Case Study 1

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Case Study 1
The Price of Coffee
Janel Brewer
Baker College Auburn Hills

“Coffee Demand Shifts Down”
In a recent article published by Wall Street Journal by Leslie Josephs “Coffee Demand Shifts Down- Market” explains the demand for coffee and its contrasts between Robusta and Arabica beans. The price of Robusta coffee beans are up 13% and still available to the price conscious consumers. This does not include U.S. and Europe who primarily use Arabica beans, which have gone down 37% because of our indifferent economic growth.

The price gap between both beans are around 45 cents which is at a lowest since 2009 (Josephs, 2013 ). This all breaks down to a shift in demand for Arabica coffee beans. Most big name franchises such as Starbucks only uses Arabica beans, even in parts of the world that grow Robusta beans locally. Stockpiles of Arabica beans has grown 72% indicating a demand, where inventories for Robusta have decrease 55% in the same period (Josephs, 2013 ).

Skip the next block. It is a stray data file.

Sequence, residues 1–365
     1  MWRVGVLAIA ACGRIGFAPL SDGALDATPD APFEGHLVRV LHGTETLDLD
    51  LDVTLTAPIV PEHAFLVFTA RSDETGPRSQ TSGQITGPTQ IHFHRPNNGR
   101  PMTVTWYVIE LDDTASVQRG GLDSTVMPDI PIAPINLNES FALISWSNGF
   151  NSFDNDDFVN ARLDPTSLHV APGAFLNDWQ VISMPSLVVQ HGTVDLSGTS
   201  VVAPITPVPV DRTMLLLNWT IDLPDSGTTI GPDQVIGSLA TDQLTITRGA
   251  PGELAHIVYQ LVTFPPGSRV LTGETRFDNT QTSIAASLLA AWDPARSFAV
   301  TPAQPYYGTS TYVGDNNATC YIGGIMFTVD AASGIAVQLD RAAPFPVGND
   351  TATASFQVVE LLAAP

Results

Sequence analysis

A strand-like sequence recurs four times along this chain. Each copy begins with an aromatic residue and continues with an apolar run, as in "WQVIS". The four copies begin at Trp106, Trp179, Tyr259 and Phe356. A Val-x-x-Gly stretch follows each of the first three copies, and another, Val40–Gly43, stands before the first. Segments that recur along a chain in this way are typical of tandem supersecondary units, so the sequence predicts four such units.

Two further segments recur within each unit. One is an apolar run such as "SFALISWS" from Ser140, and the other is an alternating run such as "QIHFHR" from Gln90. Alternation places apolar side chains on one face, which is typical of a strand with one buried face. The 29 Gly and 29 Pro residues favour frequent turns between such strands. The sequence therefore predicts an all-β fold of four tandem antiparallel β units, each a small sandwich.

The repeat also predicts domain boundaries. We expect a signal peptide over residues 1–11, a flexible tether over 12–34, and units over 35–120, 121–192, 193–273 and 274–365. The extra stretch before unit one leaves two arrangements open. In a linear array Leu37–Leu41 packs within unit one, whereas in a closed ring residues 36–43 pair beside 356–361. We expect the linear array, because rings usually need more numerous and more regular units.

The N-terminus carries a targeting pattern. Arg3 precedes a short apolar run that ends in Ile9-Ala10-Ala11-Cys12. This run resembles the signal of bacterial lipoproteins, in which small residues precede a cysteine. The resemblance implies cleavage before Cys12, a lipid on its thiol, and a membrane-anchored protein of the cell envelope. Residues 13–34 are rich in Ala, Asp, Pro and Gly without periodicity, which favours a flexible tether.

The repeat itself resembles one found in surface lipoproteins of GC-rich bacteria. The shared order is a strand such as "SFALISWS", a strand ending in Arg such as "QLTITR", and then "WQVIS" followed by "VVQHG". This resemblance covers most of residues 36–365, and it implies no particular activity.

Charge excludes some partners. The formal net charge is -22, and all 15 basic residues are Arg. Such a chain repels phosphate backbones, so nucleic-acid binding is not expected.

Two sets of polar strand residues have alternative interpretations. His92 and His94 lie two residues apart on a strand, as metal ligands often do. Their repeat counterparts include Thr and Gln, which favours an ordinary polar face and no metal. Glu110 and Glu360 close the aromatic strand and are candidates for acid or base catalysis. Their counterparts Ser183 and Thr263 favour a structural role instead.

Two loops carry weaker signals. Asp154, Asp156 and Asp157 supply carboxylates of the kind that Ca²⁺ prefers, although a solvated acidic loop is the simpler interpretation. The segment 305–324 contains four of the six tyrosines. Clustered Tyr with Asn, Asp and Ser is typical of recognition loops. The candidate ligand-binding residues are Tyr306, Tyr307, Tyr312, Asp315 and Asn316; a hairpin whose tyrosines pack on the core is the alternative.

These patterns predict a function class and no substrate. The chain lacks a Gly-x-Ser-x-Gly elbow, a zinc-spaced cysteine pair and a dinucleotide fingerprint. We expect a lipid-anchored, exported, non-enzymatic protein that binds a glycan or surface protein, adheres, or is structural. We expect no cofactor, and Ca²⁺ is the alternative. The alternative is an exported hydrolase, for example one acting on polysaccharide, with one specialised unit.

Coffee is a natural resource that can be easily damaged, in 2000 there was a shortage of Arabica beans forcing companies to use Robusta. “The international coffee organization forecasts that demand for Robusta coffee beans will grow 6% annually through 2015 (Josephs, 2013 ). This will narrow the gap in coffee price. There is a shift and when people become more price conscious they are going to choose the price versus the taste.

I love coffee and I am one of those people who would pay extra money for Arabica bean coffee. If the demand for Robusta keeps increasing then this will increase the supply. At the same time Arabica will be forced to lower their prices tapering the gap between the two, finding a market equilibrium. If you put the supply curve and the demand curve on the same diagram and where the two curves cross will indicate price equilibrium. If the price changes for either Arabica or Robusta beans then this would cause a supply movement not a shift. In the case of demand...
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